1. You'll have fun laughing at both the Chinese and Americans

Because why not? Chinglish grapples with communication breakdowns in business and in love. Written by David Henry Hwang — the Chinese-American who also wrote the Tony Award-winning M. Butterfly — it's an American narrative bearing a self-deprecating tone. Similar to Sofia Coppola's Lost In Translation, Hwang's play offers the part of the ignorant American abroad, a stereotype we've all come to love. The character in question is Daniel Cavanaugh, a Midwestern businessman who travels to China to seal a lucrative deal. Daniel Jenkins' portrayal of him's not all-American though — unfortunately the Brit in him seeps through to form a sort of transatlantic accent at some parts.

2. It forms a timely representation of Singapore's current local vs. foreigner sentiment

It's the classic complaint in every globalised city: "Foreigners are taking our jobs". But is it that simple? While Chinglish was initially written with America and China in mind, there are some striking similarities to our local landscape. Oon Shu An's character of the vice minister represents a forward-thinking, modern China, eager to move on to greater things and wanting the best for her country. She's cautious of the foreign stranger, striving to look inward instead of elsewhere to fix the problem. Sound familiar? Yes, you've met her — online, fervently typing at the comment section of a news article on foreign talent.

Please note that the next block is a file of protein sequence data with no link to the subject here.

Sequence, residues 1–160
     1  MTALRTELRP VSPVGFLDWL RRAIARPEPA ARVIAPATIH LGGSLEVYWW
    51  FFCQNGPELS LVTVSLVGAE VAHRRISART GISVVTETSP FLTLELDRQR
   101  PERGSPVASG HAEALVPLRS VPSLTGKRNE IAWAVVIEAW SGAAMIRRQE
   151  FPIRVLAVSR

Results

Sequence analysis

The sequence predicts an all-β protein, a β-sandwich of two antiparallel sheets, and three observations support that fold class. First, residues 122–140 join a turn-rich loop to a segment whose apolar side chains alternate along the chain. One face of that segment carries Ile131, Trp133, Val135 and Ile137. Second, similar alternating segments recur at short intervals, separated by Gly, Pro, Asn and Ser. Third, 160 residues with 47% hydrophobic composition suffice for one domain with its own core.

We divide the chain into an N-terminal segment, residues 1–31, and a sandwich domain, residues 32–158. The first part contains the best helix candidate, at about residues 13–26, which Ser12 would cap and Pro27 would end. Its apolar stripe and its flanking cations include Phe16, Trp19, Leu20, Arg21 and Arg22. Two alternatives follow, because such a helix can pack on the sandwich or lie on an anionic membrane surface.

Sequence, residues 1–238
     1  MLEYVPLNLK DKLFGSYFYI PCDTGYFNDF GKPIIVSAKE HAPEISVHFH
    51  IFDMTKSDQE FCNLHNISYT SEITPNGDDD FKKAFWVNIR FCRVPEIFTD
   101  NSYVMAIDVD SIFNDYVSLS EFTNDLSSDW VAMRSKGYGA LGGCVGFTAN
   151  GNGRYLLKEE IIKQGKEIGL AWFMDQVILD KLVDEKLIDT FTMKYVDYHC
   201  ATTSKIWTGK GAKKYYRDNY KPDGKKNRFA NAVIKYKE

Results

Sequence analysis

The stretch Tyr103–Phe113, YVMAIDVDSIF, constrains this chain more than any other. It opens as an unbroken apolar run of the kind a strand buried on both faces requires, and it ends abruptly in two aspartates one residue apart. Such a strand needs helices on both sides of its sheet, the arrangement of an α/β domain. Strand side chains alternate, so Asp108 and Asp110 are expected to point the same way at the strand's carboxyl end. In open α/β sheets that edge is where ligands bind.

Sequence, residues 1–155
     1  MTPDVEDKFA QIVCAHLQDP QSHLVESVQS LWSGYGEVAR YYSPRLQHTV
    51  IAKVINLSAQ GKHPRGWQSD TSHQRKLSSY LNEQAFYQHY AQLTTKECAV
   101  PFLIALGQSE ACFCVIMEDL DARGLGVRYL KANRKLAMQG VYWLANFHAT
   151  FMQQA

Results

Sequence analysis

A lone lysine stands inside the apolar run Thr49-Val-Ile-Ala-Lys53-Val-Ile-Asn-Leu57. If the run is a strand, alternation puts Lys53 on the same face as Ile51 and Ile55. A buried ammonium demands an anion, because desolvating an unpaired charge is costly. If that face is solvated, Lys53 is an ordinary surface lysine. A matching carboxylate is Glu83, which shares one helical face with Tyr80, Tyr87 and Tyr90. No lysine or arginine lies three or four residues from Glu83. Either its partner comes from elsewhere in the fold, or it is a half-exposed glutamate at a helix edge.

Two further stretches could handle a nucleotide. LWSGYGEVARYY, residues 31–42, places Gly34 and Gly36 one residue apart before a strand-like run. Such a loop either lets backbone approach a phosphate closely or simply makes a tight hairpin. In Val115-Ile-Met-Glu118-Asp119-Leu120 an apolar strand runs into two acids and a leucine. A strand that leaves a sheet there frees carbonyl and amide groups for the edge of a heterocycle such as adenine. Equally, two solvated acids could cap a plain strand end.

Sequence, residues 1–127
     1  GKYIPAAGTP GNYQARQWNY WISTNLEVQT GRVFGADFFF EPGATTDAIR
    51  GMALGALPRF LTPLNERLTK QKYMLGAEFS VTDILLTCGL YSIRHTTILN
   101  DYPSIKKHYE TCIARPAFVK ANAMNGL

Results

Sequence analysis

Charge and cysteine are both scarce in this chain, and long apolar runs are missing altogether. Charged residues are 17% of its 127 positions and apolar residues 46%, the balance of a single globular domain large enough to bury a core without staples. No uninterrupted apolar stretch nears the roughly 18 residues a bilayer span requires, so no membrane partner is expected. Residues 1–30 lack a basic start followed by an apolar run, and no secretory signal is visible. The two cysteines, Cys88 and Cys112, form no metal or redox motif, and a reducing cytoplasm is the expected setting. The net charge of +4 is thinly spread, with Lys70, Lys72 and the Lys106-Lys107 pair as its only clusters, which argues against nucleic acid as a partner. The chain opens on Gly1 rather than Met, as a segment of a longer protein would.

Chinglish

3. Language is more than a form, it's a character

Come on now, accents are pretty hilarious. It's what we love about living in a metropolitan — our melting pot is often stirred with diverse sounds and smells. Audrey Luo provides the crux of the play's comedy, handling both English and Mandarin in hilarious fashion as the translators whose roles are rife with mistranslations and misinterpretations. About a quarter of the dialogue is in Mandarin, with English subtitles projected on the back screen.

4. They're some steamy, intimate scenes

You probably shouldn't bring your 12-year-old to this, or you'll have to deal with some serious questions about oral sex later on. Oon's underlying vulnerability to her character's femme fatale persona is hopelessly endearing — we watch as she intersperses jaded sentiments on love and relationships during a mating dance. While the characters are often shown as desperate to be understood in business, the same frustrations also lie in the on-stage relationships.

Chinglish

5. Pangdemonium bothered with a haze joke

The stuff of memes and gifs have now made their way to the stage, even if it's just for a split second. "Haze? What haze?" quips a character when a move to Singapore is suggested — we're pretty sure Hwang wasn't thinking of Singapore's weather in mind when he wrote the play, so cheers to Pangdemonium for including this bit in.

Chinglish is showing at the Drama Centre Theatre from now till 25 October. Book your tickets here.